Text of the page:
This database is possible thanks to a combination of Wikipedia policies and (mostly) publicly available information.

The online encyclopedia allows anyone to make edits, but keeps detailed logs of all these changes. Users who are logged in are tracked only by their user name, but anonymous changes leave a public record of their IP address.

Wired invites readers who've used Wikipedia Scanner and unearthed any companies or government spooks fiddling around with data or rewriting history to submit their finds--and vote on other readers' discoveries--at the magazine's blog.

What's also brilliant about Griffith's brainchild is that it injects a much-needed dose of accountability into the sprawling corpus indicium that is Wikipedia. Corporations and politicians seeking to shape (or outright change) information won't be able to hide their self-interested edits behind anonymous user names, and, one hopes, knowing that their IP addresses now point Wikipedia Scanner to their identities will deter them from making mercenary, dishonest, and unscrupulous edits in the first place. One always hopes.

In any case, it's refreshing to learn of an all-too-infrequent case of youth and reason overcoming wealth and tyranny. Cheers to you, Mr. Griffith.

(H/T Lisa in Baltimore)

UPDATE:  Wikipedia Scanner is already embarassing some government agencies, tying numerous unethical edits to computers at the CIA and FBI:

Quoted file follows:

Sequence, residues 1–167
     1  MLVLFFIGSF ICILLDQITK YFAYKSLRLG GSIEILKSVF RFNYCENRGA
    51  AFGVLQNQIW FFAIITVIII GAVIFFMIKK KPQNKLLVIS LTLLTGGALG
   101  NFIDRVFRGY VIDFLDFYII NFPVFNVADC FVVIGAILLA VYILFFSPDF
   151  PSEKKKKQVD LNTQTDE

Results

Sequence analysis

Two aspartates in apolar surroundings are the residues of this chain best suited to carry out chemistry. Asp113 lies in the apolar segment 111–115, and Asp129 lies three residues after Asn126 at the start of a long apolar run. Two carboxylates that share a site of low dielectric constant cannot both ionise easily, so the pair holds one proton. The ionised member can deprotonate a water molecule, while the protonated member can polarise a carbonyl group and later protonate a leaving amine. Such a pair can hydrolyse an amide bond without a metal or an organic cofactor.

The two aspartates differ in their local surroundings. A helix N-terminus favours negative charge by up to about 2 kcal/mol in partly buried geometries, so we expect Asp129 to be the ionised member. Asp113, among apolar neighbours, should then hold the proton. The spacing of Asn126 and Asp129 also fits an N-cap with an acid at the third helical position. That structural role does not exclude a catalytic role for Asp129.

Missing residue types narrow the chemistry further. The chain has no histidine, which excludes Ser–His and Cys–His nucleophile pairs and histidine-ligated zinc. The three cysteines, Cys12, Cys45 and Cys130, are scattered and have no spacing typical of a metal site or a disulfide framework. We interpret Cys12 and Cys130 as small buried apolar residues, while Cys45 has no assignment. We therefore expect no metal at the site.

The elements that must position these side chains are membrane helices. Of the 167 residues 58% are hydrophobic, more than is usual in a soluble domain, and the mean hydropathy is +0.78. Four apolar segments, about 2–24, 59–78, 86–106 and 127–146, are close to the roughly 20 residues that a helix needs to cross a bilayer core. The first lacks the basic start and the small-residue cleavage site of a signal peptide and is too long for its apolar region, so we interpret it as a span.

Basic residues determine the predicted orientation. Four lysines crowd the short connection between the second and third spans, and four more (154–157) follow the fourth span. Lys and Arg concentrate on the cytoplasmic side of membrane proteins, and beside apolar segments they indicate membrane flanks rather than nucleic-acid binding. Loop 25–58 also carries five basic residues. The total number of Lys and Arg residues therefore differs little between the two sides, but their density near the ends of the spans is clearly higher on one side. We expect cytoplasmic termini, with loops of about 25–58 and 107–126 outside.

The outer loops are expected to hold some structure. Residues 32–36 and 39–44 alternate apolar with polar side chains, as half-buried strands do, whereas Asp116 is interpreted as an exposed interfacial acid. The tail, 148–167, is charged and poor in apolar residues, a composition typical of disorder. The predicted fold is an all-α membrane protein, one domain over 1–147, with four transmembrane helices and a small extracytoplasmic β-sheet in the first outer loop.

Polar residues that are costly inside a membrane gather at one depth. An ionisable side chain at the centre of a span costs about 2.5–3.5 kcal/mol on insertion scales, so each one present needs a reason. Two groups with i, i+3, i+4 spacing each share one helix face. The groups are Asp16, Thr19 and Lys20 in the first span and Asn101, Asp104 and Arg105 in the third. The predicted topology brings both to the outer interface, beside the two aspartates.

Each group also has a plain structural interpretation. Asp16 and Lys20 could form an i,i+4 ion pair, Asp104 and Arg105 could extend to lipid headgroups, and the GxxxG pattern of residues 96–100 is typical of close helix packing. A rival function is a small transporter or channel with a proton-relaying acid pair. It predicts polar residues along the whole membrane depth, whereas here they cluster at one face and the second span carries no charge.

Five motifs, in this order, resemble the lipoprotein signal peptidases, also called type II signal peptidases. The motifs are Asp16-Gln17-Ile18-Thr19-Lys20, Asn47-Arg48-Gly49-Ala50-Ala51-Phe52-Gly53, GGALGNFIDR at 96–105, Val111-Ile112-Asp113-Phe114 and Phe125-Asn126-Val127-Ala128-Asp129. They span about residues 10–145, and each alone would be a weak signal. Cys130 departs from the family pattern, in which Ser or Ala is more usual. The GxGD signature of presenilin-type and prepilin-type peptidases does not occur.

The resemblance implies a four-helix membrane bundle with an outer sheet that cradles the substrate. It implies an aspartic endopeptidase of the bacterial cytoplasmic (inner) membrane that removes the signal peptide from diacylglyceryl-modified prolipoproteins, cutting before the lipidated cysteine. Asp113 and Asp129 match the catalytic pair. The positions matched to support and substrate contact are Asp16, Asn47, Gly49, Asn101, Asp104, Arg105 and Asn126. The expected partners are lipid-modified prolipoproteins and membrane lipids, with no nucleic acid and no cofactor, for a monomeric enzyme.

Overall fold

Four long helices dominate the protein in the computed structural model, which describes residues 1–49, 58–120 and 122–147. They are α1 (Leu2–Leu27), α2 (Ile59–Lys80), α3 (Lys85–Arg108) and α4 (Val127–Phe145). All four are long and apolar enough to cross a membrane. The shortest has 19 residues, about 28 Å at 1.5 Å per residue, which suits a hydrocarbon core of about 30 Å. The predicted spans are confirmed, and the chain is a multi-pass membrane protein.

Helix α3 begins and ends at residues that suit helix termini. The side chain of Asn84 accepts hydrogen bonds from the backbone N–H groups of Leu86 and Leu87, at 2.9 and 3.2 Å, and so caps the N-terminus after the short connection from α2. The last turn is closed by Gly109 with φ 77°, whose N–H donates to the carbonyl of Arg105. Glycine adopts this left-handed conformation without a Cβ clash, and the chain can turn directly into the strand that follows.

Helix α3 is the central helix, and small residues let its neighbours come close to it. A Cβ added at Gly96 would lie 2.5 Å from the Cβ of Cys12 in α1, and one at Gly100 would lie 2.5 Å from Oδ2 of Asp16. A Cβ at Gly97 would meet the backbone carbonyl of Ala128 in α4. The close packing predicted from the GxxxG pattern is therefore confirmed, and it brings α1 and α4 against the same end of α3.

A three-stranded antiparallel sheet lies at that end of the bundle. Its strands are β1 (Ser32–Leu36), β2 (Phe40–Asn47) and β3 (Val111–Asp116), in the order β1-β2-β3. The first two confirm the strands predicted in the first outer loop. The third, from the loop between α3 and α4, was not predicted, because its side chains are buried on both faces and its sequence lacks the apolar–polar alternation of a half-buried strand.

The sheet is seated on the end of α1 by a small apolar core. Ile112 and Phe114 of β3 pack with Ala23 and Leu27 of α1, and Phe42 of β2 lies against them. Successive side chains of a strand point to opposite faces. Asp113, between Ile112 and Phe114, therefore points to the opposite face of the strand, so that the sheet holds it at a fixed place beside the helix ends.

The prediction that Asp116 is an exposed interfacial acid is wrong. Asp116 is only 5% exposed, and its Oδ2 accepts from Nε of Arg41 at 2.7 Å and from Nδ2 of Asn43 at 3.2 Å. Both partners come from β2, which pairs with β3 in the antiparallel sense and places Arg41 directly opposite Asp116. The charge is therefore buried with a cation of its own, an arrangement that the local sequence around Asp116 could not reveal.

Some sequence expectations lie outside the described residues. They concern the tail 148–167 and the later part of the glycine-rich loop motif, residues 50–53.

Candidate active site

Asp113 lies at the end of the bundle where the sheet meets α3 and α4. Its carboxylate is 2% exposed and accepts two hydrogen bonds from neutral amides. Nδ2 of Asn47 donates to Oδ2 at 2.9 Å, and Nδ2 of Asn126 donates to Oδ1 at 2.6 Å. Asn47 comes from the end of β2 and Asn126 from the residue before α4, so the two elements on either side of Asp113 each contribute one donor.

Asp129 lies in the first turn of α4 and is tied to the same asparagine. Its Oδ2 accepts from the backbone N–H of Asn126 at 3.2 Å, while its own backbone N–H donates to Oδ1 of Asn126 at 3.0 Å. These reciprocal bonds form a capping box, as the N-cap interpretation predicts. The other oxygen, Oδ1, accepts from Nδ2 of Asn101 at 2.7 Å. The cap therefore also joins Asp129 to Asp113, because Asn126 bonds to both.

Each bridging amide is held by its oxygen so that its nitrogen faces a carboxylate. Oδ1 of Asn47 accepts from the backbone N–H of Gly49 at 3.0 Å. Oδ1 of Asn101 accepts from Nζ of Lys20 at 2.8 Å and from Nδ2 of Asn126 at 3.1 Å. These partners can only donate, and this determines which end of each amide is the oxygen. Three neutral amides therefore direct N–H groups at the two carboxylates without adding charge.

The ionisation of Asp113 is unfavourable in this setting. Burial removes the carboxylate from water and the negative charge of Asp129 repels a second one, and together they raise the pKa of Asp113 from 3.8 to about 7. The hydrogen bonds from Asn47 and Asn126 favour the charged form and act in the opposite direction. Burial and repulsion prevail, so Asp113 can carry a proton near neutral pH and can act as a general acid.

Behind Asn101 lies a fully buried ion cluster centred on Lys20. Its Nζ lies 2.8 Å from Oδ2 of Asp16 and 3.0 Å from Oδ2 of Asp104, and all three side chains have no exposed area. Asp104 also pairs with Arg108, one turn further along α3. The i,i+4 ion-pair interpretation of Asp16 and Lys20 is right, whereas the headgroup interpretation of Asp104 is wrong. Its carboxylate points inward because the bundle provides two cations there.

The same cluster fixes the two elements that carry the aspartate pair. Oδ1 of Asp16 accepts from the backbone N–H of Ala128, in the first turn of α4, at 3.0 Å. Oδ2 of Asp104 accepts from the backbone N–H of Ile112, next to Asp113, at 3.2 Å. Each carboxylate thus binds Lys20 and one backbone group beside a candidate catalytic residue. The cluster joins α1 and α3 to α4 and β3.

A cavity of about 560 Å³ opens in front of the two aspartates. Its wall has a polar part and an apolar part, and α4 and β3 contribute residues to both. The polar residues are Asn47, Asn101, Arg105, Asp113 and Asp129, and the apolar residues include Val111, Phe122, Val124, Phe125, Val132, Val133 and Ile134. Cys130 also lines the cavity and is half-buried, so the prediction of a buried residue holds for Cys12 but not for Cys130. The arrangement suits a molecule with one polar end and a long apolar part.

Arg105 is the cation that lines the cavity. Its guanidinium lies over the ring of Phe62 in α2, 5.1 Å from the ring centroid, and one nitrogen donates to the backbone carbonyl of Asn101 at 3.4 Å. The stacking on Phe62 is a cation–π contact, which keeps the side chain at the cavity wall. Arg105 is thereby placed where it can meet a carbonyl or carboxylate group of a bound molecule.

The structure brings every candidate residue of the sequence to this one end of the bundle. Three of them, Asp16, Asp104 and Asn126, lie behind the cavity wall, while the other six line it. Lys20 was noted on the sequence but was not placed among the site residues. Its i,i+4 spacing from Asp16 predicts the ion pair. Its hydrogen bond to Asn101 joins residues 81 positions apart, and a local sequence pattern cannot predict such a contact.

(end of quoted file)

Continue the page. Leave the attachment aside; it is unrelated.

WASHINGTON (Reuters) - People using CIA and FBI computers have edited entries in the online encyclopedia Wikipedia on topics including the Iraq war and the Guantanamo prison, according to a new tracing program.

The changes may violate Wikipedia's conflict-of-interest guidelines, a spokeswoman for the site said on Thursday.

 

August 17, 2007 | Permalink

Comments

I can't bring up the site. I'm guessing (hoping) this is because the server is overloaded with hits as opposed to something nefarious...

Posted by: Christmas | Aug 17, 2007 7:40:47 AM

Christmas, I'd guess it's because of an unanticipatedly high number of visits right now. There is the Wired story, and I posted about Wikipedia Scanner at my place on Wednesday--as I imagine some other writers did, too--plus The Huffington Post had a front page story about it a little while ago and Keith Olbermann discussed it on Countdown last night. Nothing exceeds like excess!

Posted by: litbrit | Aug 17, 2007 8:04:21 AM

It's been most amusing on our side of the pond. Who would have thought that the BBC would have been responsible for 7,000 such edits? Tax funded broadcasting...impartial, no?

Posted by: Tim Worstall | Aug 17, 2007 8:24:20 AM

So all it means is that we will be seeing more suits in Internet cafes.

Posted by: Joe S. | Aug 17, 2007 8:44:56 AM

Joe S., I think the big dark glasses and antenna-bedecked briefcases will give them away.

Posted by: litbrit | Aug 17, 2007 9:23:58 AM